Henry Siegman has an important piece up at the Nation in which he explains the recent Palestinian violence as a natural political response to an unending occupation.
Siegman is a former head of the American Jewish Congress who has expressed more and more sympathy for Palestinians in recent years with the downfall of the two-state solution. His jumping-off point is a recent New York Times ad from rightwing Rabbi Shmuley Boteach in which the rabbi accuses Secretary of State John Kerry of justifying “the spilling of Jewish blood” because he has deplored Israel’s settlements as a factor in the recent outbreak of stabbing attacks.
Siegman says that Boteach, who is funded by Sheldon Adelson, is acting like Joseph Goebbels, the Nazi PR man. Siegman can get away with the Nazi parallel because he himself escaped the Nazis as a boy
Then Siegman explains that Israelis have no right to demand that Palestinians “forgo violence in their struggle to end their suppression.” He characterizes the Palestinians as freedom fighters:
Successive Israeli governments have sustained a half-century-long occupation of the Palestinians through the application of deadly violence by its military. What right do they therefore have to demand that Palestinians forgo violence in their struggle to end their suppression? Is the Palestinians’ resort to violence to achieve freedom and self-determination—considered “peremptory norms” in international law—less legitimate than Israel’s resort to violence to deny them their freedom and self-determination?
Siegman reminds us of the history of Jewish terrorism under the British mandate– “violent resistance to occupation”:
In fact, no one has asserted the right to violent resistance to occupation more forcefully than the Jewish terrorist groups in the pre-state era. The Irgun, headed by Menachem Begin (which became the Likud, now headed by Netanyahu), terrorized the pre-state British occupiers. Yitzhak Shamir, who was also elected prime minister of Israel, headed the Stern Gang. He wrote in the journal of his terrorist organization, LEHI, “Neither Jewish ethics nor Jewish tradition can disqualify terrorism as a means of combat.… Terrorism is for us a part of the political battle being conducted under the present circumstances and it has a great part to play.”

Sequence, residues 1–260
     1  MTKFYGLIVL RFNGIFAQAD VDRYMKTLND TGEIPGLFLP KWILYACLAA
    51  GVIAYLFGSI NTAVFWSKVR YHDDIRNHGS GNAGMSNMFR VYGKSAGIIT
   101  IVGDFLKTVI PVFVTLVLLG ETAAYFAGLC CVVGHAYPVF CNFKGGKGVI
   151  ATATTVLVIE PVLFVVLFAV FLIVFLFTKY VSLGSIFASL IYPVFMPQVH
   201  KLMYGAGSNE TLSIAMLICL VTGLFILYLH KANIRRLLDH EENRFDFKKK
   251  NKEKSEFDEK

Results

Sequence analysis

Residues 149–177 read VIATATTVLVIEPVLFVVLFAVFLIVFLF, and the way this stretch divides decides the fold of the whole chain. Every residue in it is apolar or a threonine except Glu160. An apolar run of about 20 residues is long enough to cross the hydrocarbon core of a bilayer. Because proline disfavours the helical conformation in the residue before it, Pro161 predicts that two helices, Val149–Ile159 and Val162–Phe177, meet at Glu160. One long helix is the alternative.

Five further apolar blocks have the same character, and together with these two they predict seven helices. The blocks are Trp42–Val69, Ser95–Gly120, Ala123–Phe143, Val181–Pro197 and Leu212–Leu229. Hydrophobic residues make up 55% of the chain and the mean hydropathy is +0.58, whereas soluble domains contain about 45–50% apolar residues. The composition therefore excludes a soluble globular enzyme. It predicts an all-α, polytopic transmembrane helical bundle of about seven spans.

And here is the dramatic conclusion of the article, in which Siegman says that Boteach and Benjamin Netanyahu’s insistence that the Palestinians are the powerful party is reminiscent of Nazi propaganda, saying Germans were being victimized by Jews:
Boteach argues that there cannot be moral equivalence between victims and their oppressors, but he, like his patron [Adelson], believes Palestinians who have lived for half a century under Israel’s occupation are the oppressors and their Israeli occupiers are their victims. As someone who was born in Germany and lived for two years under Nazi occupation and the Vichy regime that rounded up Jews for deportation to Auschwitz, I can assure Boteach, and Prime Minister Netanyahu, that their perspective is one that Goebbels, who considered the German people to have been the victims of the Jews, would have greatly admired.
Remember that Shmuley Boteach served as UN Ambassador Samantha Power’s consort to the Israel lobby two years ago so she could get her job; he vouched for her pro-Israel bona fides. A few months after she got the job, Boteach’s protector, Sheldon Adelson, called on President Obama to nuke Iran. Now Boteach, a rightwing Republican, turns on Power’s colleague, Kerry, as an anti-Semite. Again, the lobby is a force that transcends partisan politics, and liberals/Democrats must kiss the ring, even when that ring has a Sheldon Adelson connection.